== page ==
greater value of throughput means the better performance of the protocol.
In LEACH, energy consumption is shared across all nodes and the use of TDMA / CDMA
techniques allows for a hierarchy and multi-level clustering, which saves more energy.

PEGASIS protocol try to eliminate of the overhead caused by dynamic cluster formation in
LEACH but the length of the chain formed in PEGASIS protocol can considerably increase the
data delivery time and the only node allowed to communicate with the BS can become a
bottleneck within the network.

As it can be seen from (Figure 7.) our protocol has a minimal delay and an efficient throughput
when compared with the other protocols. Since our protocol is executed in cooperation between
all the nodes of the network, each node decides independently of its role which guarantees better
distributed energy consumption. Moreover, the use of multi-hops routing guarantees a
compromise between the size of the clusters and the number of clusters in the network which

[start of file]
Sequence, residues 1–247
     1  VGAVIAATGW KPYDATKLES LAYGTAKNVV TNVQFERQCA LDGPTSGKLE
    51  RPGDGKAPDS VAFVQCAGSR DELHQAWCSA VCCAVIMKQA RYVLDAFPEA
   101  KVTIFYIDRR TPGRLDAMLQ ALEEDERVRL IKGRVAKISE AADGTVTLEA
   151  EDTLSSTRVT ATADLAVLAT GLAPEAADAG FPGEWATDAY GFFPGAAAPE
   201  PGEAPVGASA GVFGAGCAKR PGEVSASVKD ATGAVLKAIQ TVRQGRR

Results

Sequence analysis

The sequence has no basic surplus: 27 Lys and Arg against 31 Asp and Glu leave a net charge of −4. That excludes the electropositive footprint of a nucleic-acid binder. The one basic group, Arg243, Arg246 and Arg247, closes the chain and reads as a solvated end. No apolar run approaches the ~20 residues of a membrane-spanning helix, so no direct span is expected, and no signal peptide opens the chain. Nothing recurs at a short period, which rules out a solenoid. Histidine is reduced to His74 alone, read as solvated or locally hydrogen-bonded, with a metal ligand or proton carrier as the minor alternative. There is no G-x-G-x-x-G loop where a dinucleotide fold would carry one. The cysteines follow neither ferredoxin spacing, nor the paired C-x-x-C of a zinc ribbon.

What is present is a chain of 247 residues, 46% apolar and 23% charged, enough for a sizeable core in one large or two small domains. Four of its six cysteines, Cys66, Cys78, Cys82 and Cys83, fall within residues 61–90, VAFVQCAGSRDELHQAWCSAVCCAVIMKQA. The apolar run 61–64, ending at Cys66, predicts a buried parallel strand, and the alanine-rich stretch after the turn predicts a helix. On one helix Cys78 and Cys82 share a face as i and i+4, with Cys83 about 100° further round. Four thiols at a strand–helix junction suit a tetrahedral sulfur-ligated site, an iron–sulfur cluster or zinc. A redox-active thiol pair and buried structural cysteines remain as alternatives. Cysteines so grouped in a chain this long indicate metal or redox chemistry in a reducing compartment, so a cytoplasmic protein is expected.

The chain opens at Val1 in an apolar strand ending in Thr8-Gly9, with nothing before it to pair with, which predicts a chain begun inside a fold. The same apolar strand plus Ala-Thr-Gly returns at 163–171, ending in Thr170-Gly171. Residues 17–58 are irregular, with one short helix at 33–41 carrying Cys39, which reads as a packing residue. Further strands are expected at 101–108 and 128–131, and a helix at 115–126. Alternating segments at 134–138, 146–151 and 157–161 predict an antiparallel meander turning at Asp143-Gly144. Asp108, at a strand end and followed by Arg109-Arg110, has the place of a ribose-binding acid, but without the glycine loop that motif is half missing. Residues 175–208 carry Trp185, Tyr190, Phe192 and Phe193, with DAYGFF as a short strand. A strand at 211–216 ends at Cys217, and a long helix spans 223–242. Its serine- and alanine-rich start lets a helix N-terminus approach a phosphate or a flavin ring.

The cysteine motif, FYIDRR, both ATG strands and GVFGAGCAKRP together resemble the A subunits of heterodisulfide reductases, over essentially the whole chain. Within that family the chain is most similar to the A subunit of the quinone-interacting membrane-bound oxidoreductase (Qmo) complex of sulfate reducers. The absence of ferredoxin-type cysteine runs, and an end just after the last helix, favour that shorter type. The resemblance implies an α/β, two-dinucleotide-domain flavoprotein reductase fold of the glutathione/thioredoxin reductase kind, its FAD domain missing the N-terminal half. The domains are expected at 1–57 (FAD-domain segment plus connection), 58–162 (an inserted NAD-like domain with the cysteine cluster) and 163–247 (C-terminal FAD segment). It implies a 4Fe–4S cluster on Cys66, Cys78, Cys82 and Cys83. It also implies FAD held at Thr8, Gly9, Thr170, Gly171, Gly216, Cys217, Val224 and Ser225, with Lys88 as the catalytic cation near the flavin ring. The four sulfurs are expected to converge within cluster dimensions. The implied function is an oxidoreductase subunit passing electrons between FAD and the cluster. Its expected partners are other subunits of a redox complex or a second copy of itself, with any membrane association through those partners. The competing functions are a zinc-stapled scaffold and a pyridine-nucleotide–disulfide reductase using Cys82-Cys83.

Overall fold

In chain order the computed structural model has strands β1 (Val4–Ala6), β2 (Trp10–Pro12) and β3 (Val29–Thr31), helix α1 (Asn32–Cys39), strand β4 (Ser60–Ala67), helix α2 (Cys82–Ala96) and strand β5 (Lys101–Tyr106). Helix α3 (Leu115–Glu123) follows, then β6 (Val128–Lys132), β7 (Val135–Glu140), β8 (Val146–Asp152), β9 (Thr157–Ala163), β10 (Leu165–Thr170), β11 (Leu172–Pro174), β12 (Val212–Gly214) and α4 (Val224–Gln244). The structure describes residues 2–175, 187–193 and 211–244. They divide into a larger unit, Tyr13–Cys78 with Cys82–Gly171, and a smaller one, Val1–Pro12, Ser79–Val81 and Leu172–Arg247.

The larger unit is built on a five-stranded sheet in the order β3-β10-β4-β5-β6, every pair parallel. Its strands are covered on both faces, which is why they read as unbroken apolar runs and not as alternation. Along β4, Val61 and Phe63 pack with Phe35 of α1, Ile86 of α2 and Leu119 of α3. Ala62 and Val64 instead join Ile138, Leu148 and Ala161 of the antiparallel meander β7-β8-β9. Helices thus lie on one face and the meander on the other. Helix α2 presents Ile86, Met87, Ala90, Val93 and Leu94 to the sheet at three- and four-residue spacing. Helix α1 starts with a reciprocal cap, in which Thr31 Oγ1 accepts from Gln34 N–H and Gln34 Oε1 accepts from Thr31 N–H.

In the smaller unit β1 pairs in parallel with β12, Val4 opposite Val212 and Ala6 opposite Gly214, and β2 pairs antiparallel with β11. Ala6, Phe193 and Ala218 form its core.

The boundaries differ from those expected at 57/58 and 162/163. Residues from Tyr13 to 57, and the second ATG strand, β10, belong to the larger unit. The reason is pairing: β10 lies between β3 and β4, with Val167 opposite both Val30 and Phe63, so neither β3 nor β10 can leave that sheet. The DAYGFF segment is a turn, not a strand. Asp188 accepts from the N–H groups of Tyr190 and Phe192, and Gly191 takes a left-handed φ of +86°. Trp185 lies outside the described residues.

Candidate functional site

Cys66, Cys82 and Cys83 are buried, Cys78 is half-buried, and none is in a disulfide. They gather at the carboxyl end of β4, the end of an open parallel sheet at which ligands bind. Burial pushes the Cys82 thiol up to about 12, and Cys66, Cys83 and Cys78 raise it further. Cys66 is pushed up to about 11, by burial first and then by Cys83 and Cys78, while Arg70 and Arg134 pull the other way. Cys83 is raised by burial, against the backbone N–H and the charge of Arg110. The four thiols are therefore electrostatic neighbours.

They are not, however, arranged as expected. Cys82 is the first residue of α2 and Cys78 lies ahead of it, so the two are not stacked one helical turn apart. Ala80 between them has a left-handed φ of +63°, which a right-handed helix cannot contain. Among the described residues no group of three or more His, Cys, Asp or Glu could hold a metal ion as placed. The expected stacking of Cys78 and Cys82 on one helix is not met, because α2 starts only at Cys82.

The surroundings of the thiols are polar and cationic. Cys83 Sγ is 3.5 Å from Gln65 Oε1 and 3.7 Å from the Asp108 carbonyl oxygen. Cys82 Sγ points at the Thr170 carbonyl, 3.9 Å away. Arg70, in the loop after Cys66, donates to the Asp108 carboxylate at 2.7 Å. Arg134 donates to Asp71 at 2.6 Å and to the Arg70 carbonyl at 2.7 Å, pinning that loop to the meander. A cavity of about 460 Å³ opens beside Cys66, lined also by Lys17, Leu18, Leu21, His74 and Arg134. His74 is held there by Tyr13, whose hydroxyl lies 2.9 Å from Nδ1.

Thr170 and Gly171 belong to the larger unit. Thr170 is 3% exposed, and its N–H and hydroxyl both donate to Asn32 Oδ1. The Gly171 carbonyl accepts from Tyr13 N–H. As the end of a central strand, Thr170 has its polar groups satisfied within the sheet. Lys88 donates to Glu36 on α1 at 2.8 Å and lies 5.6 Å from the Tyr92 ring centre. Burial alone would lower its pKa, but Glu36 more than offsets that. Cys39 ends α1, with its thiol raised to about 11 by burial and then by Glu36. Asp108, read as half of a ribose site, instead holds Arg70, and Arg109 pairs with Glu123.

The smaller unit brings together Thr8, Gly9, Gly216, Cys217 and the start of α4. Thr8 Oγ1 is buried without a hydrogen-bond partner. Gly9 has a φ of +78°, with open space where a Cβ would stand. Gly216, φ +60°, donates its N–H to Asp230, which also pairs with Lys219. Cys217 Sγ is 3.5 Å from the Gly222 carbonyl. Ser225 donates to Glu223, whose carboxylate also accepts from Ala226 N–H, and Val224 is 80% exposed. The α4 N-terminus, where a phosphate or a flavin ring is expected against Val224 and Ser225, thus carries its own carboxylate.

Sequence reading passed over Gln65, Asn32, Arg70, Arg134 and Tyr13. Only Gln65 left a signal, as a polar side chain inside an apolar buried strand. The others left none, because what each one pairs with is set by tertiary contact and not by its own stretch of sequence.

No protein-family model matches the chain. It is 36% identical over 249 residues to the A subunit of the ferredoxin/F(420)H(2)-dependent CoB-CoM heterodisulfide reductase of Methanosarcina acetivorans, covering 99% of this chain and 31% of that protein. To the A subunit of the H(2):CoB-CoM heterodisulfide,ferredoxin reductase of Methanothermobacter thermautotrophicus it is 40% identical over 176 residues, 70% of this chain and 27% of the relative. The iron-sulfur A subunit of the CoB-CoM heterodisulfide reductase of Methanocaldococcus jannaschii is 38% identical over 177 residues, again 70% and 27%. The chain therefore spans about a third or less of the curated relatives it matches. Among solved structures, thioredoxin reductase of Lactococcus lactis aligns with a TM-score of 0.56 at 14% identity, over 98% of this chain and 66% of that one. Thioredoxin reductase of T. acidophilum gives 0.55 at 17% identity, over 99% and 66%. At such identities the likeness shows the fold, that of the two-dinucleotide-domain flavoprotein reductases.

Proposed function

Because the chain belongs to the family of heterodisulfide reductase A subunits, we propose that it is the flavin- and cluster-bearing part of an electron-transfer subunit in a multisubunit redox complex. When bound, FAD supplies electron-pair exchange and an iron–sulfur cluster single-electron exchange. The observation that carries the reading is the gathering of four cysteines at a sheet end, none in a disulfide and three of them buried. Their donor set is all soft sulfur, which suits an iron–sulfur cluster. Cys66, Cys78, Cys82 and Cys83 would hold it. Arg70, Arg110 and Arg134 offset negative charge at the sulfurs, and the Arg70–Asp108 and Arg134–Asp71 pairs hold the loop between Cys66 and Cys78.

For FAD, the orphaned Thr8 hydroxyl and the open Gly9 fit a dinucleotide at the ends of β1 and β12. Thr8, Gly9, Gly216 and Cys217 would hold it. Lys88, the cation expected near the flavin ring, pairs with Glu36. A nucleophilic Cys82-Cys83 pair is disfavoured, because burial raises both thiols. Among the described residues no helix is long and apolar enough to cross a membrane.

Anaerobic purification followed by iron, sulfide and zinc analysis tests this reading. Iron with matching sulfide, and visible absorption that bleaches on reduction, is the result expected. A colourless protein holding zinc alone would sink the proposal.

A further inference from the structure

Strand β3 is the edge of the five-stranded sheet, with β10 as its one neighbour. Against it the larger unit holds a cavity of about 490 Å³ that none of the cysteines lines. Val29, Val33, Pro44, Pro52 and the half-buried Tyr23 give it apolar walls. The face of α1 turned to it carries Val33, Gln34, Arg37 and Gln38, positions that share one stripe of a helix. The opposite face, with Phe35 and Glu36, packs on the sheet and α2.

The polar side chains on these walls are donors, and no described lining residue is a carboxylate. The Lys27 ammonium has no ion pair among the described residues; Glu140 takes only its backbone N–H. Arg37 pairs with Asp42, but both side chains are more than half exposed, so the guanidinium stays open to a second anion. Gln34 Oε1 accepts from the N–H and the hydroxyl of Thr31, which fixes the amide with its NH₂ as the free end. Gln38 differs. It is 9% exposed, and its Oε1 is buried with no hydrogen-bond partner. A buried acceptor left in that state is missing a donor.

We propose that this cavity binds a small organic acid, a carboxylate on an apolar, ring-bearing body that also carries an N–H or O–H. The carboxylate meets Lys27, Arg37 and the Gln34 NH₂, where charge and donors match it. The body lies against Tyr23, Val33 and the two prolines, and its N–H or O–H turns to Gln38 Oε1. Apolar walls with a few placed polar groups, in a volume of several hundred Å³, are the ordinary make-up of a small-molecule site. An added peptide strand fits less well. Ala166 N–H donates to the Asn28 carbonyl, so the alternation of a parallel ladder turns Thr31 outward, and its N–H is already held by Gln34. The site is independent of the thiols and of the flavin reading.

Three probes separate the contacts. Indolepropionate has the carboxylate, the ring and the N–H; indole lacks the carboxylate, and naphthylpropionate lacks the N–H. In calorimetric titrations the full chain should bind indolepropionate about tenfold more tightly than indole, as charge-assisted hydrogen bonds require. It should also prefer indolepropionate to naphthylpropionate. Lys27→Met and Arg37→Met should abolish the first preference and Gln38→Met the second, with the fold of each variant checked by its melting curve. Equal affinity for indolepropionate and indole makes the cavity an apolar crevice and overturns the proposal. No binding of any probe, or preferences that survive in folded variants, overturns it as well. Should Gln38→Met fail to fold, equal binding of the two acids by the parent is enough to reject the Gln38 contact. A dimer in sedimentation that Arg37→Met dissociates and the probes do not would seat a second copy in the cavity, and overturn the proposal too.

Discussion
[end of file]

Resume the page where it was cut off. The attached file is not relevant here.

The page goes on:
ensures energy balancing.

6. CONCLUSIONS
In this work, we investigated the study of hierarchical routing strategies in WSN, which allowed
us to highlight their characteristics and limits. We compared some of the existing hierarchical
energy efficient routing protocols with our routing protocol and we discussed the simulations
results in term of delay, throughput, packet delivery ratio and energy consumption then we
deduct that our routing scheme is more optimal and energy efficient. As a future work, we
are working on the development of our protocol to improve its efficiency with other parameters
then we will publish this work in a more detailed version of this paper.
Computer Science & Information Technology (CS & IT) 147
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AUTHORS

Alaa Aadri

PhD student and member of the TIAD Laboratory in the Faculty of Sciences and
Techniques, Sultan Moulay Slimane University. Obtained a master degree in
business intelligence in 2013, completed by a master degree in Information Systems
Management, Institute of Business Administration IAE-Lyon France in 2015. His
current interests include Mobile Computing, Networking and intelligent Systems
developing.

Najlae Idrissi

Member the TIAD Laboratory and professor in the Faculty of Sciences and
Techniques, Sultan Moulay Slimane University in Beni mellal Morocco. His
current interests include Mobile computing and networking, signal, image and video
processing and datamining.